Is it familiarity that keeps us trapped in a relationship long after its expiration date?
Consider this paradox: Your relationship feels deeply unfulfilling yet deceptively comfortable. After all, you've lived this way -- for years.
Lopsided love breeds heartache; we feel trapped and alone. And for reasons understandable but detrimental, it somehow seems insurmountable to reconcile or unravel.
What do states of intimacy deprivation lead to in the heart and psyche of a human being?
Too many people find themselves in loveless relationships or marriages that are lacking in intimacy, sometimes on all levels -- sexually, emotionally, intellectually. But we stay, with what's often an eerie unspoken truth looming. Are we expected to garner cherishment from our "mama-energized" relationships alone? How long is that sustainable?
The world is filled with people who are more comfortable being treated poorly vs. being treated well. We must consider the role we play in creating relationships that leave us feeling diminished. To be fair, being treated poorly is a subjective measure and it's not always a matter of blame. Much of the time people come to the table with the very best they have to offer -- that just may not be enough for their partner. Either way, we cannot plead victim when we allow our needs to be neglected. And what example does this behavior portray to our kids, and to others, and more importantly -- to our deepest self?
Why do we sell out? Why do we ignore the veritable translation of the messages we receive from our so-called "desired" mates? Why is it seemingly impossible to take statements or cues from our partner at face value? A satisfying love connection is not of one person's making. It's a natural bond, with some semblance of interchange, of reciprocity; it shouldn't be all that complicated.
Some of us report feeling loved while at the same time, peppered with feelings of dispensability when our partners can't fully commit -- a complex finding, but not all that uncommon. We defend our intensity to transform someone into our golden shimmering fantasy as a fixed measure of our personality, all while knowing the exact composite of who they are. And further, we ignore that tiny voice continually whispering into our ear, guiding us to exit stage left. But we stay. And we try harder. Only to find the outcome often opposes our hopes. And then we brood some more.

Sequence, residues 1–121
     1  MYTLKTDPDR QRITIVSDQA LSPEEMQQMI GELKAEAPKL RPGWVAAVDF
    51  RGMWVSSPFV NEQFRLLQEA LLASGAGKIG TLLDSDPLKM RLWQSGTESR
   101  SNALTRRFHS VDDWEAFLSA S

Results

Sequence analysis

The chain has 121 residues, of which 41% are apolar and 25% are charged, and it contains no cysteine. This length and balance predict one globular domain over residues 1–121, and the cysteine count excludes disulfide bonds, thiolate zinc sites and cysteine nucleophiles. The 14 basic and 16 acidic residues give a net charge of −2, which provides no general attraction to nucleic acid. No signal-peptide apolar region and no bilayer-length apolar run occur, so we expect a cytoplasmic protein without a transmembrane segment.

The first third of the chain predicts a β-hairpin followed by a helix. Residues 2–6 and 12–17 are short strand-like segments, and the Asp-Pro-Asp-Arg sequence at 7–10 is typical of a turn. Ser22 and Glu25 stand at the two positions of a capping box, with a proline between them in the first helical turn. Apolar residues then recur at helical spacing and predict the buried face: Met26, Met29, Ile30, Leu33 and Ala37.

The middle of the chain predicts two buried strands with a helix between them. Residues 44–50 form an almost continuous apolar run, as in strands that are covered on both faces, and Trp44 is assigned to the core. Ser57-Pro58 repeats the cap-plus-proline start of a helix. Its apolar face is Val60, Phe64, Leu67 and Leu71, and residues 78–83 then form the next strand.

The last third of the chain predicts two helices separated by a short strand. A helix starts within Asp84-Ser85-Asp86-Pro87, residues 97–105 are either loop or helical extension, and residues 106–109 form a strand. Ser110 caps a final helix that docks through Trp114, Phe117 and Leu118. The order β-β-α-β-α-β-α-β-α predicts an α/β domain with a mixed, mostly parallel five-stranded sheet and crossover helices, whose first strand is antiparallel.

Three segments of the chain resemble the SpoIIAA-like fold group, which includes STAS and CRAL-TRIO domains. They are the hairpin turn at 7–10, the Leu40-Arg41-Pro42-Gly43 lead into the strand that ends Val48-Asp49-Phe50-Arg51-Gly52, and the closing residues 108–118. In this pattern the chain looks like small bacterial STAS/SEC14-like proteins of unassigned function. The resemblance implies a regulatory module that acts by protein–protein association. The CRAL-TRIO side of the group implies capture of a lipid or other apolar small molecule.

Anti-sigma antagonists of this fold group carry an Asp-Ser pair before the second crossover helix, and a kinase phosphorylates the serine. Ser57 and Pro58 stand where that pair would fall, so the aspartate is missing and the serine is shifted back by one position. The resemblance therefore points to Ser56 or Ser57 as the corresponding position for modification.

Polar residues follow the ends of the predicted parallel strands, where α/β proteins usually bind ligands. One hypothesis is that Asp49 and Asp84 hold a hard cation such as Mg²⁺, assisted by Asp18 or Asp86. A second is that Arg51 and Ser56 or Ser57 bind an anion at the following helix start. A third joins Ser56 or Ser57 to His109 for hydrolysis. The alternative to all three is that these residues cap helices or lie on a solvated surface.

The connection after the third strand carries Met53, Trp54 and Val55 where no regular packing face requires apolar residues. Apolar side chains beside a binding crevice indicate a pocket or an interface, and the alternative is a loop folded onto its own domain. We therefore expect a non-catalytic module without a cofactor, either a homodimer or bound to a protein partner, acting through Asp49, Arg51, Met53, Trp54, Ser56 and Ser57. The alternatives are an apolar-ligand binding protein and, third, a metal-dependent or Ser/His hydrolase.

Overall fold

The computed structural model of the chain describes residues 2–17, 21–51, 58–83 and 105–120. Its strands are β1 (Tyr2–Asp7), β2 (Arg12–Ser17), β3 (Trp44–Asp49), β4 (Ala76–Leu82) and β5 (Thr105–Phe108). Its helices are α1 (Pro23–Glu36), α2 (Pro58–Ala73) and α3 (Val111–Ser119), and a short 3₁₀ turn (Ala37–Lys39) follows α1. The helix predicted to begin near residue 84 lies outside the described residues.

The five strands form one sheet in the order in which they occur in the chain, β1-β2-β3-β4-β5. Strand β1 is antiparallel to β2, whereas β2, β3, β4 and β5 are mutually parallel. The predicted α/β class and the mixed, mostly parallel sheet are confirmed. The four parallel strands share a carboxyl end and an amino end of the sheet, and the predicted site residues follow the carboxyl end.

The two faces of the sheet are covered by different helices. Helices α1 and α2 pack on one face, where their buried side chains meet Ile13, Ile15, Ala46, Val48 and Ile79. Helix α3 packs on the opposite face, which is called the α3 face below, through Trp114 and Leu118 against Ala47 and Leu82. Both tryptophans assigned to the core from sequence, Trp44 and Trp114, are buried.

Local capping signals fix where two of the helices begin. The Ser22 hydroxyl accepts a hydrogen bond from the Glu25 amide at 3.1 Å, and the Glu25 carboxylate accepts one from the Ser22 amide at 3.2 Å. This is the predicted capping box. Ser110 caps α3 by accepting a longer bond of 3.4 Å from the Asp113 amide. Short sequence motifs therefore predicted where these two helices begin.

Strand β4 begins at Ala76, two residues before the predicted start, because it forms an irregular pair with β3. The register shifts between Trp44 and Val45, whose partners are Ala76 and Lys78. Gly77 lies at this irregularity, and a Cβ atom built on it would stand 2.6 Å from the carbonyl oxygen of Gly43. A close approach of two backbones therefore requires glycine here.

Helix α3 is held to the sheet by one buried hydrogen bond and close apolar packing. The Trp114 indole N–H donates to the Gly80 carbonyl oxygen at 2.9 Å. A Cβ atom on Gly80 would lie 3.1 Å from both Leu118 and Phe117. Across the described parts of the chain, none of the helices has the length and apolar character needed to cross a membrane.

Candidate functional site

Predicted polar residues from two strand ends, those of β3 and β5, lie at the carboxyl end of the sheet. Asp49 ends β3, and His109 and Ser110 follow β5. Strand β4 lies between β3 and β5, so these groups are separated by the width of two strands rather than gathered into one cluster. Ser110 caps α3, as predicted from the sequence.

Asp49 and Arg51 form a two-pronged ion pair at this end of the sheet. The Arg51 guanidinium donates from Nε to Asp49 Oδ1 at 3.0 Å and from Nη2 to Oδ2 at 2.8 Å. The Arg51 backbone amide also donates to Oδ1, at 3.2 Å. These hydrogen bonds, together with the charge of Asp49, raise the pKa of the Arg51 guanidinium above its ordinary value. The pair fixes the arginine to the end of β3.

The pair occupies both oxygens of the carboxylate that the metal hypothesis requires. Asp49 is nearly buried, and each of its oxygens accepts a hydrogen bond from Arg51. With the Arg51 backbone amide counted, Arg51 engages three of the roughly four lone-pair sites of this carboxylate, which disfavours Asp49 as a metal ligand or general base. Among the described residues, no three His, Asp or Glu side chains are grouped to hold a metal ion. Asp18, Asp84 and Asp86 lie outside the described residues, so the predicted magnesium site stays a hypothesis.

Swimming hard against the current becomes taxing, and while extending effort to stay the course is admirable, this shouldn't be about stamina alone. It also shouldn't be about drama or the fuss of pomp and circumstance. It should be about love, connection, respect and self-worth.
When we sell out in one place, it's worth investigating where else we renounce. We stay in soul-roasting jobs because we're under the impression that a default life is the best we can do. Are we at all connected to the motivation of what our business' sense of purpose is? It's refreshing to fight for a livelihood that gets you up in the morning -- if we have the courage to go after it, that is. And when considering various paths, did we take the time to inquire with seasoned professionals, to get a flavor of the good, the bad and the ugly of any given career?
A "job" can be like an angry lover, always wanting more and never giving enough. A "calling" is different. But in truth, many believe acting on a "calling" is pie in the sky, too risky, unable to be parlayed into an adequate livelihood, and most aren't all that clear on what their "calling" might even be. Yet look around. People are doing it. And some with great success. It is indeed possible.
Selling out is a choice. To make change often comes down to a steadfast decision to want more. Yes, it takes guts to take a stand for anything worthwhile in life, no doubt. But flexing those desire muscles feels Herculean once you make headway.
We've all sold out over the years, I certainly have. I've learned that being unfulfilled is tolerable, but only for so long. Ultimately, it brings one to the floor of their soul. It goes beyond dreams dashed. It's never too late though, to get a handle on where our energy should be directed to create optimum well-being. And know this: The next chapter will be better. We certainly owe it to ourselves to extend the effort to uncover "the who" and "the what" and "the why" of how best to serve our deepest desires. Isn't that what living is all about?